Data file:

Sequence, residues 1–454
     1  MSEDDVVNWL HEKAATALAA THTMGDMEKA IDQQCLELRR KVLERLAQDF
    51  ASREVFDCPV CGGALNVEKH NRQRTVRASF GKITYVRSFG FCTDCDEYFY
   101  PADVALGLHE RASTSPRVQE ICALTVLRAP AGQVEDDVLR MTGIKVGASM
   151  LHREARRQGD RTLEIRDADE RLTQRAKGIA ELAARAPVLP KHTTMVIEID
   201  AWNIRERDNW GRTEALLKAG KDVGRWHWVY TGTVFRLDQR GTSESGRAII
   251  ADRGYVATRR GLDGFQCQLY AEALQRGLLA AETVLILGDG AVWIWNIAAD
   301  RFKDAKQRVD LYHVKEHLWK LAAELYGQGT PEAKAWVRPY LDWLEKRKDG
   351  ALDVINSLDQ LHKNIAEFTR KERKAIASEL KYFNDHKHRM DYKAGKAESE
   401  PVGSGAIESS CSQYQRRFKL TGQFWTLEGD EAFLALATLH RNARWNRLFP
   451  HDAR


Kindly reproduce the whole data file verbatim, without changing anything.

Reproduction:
Sequence, residues 1–454
     1  MSEDDVVNWL HEKAATALAA THTMGDMEKA IDQQCLELRR KVLERLAQDF
    51  ASREVFDCPV CGGALNVEKH NRQRTVRASF GKITYVRSFG FCTDCDEYFY
   101  PADVALGLHE RASTSPRVQE ICALTVLRAP AGQVEDDVLR MTGIKVGASM
   151  LHREARRQGD RTLEIRDADE RLTQRAKGIA ELAARAPVLP KHTTMVIEID
   201  AWNIRERDNW GRTEALLKAG KDVGRWHWVY TGTVFRLDQR GTSESGRAII
   251  ADRGYVATRR GLDGFQCQLY AEALQRGLLA AETVLILGDG AVWIWNIAAD
   301  RFKDAKQRVD LYHVKEHLWK LAAELYGQGT PEAKAWVRPY LDWLEKRKDG
   351  ALDVINSLDQ LHKNIAEFTR KERKAIASEL KYFNDHKHRM DYKAGKAESE
   401  PVGSGAIESS CSQYQRRFKL TGQFWTLEGD EAFLALATLH RNARWNRLFP
   451  HDAR